Beijing Targets Timber and Barley as Bullying Tactics Continue Against Australia

November 2, 2020 Updated: November 12, 2020

Australian timber has been roped into Beijing’s widening trade embargoes against the country, just days after $2 million worth of lobster imports were held up at a Chinese airport.

Federal Agriculture Minister David Littleproud confirmed Beijing suspended exports of logs from Queensland and expanded its barley ban to Victorian company Emerald Grain.

The General Administration of Customs of China issued a warning notice saying it found a pest, the bark beetle, in imported timber from Queensland and has banned all log exports from the state, according to the South China Morning Post.

The Customs agency also claimed barley shipments from grain exporter Emerald Grain were contaminated with a grass-like weed. China stopped imports on Oct. 30.

A spokesperson from Beijing’s foreign ministry confirmed the ban on timber and said “pests” were found in the timber on Nov. 2.

The suspensions come after it was revealed several tonnes of Australian rock lobsters were unable to enter the country and were held at a Chinese airport.

“Australia has strong regulatory controls that underpin the integrity and biosecurity of all products exported,” Littleproud told AAP.

“We will work with the Chinese authorities to investigate and resolve these issues,” he continued.

Timber Queensland CEO Mick Stephens told the Epoch Times, “We are seeking more details about the specific concerns raised and steps that can be taken to address these quarantine requirements in conjunction with biosecurity authorities.”

The Epoch Times also reached out to Emerald Grain but did not obtain a response in time for publication.

This year, Beijing has rolled out a series of measures aimed at curbing Australian exports to China. The timing of the bans followed the Chinese Ambassador’s public displeasure at Foreign Minister Marise Payne’s calls for an inquiry into the origins of COVID-19.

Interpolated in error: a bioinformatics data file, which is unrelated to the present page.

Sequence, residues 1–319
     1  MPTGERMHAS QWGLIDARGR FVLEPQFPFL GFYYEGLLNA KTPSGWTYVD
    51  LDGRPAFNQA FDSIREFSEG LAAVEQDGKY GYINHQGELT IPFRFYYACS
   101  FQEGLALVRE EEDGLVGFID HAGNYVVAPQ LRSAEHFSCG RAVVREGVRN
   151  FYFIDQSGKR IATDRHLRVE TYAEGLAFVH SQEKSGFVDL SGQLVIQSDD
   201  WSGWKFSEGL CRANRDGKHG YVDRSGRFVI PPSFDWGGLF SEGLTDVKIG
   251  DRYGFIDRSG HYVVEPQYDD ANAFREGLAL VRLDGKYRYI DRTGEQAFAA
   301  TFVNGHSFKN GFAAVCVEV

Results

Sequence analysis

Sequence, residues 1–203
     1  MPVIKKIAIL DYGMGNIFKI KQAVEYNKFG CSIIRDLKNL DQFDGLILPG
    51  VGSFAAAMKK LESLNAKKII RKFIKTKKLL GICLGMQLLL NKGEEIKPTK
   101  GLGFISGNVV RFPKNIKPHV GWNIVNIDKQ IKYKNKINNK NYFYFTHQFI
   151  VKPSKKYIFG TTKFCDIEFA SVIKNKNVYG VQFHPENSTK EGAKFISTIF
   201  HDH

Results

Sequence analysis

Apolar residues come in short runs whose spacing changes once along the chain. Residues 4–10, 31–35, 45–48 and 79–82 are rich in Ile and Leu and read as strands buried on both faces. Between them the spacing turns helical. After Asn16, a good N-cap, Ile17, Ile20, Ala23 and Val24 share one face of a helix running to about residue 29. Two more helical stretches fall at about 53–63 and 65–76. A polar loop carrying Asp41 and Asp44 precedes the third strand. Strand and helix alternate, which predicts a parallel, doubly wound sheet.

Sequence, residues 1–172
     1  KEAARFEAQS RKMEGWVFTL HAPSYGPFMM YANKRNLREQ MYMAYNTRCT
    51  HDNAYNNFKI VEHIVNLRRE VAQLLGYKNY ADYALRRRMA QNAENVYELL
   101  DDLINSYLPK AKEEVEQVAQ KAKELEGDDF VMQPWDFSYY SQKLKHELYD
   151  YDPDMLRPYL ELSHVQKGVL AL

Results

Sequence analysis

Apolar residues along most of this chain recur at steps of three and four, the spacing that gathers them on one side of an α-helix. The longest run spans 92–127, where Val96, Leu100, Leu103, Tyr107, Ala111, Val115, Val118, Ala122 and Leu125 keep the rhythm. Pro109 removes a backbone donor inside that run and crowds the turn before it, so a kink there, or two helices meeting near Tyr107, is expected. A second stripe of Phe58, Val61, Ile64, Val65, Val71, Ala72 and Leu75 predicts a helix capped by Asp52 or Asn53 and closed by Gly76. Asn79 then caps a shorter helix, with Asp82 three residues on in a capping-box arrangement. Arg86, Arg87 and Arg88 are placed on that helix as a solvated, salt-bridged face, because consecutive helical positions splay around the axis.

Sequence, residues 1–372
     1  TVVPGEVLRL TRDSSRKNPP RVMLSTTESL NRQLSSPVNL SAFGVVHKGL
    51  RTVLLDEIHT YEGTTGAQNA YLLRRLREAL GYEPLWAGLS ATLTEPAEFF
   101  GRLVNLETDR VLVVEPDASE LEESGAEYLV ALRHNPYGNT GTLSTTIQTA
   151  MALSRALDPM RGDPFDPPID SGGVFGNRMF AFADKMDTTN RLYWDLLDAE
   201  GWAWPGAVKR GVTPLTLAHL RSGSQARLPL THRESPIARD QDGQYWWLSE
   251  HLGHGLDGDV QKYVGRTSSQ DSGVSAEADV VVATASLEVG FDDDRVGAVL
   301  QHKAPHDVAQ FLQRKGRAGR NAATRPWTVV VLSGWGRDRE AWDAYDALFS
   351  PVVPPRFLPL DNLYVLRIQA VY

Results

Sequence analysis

Cooked lobsters
Cooked lobsters for sale in the auction house at the Sydney Fish Market in Sydney, Australia, on Dec. 23, 2014. (Peter Parks/AFP via Getty Images)

Subsequent trade strikes have targeted Australian barley, beef, wine, and more recently, coal and cotton.

CBH Group, the largest grain exporter in Australia, had its shipments suspended by the Customs agency in Sept. after “pests” were allegedly found.

There are concerns sugar, and copper exports could be next.

Michael Shoebridge, defence director at the Australian Strategic Policy Institute, said despite Beijing’s coercive behaviour, it was worth noting confidence and attitudes toward the communist regime were plunging across 14 of the world’s major economies (including Sweden, South Korea, Japan, and Germany).

“Over 70 percent of people in these countries have what Pew Research says are ‘increasingly negative evaluations of China’ that have reached ‘historic highs’ because of how Beijing is using its power during the pandemic and in its economic coercion of others,” he told The Epoch Times on Nov. 3.

Shoebridge said the key message to countries who have experienced coercion from Beijing in recent years was how to rebuild their economies post-COVID in a way that does not rely too heavily on China.

“Otherwise we’re simply giving the leadership in Beijing the tools to hold our economies, businesses and governments to ransom, in the active knowledge they will do so,” he said.

“No market is so important that it’s worth trading your sovereignty to access. Maybe lobsters and lumber are the way to get this message across,” he added.

The Joint Standing Committee on Trade and Investment Growth is currently investigating whether the country is too reliant on one trading partner for exports and how it could potentially diversify.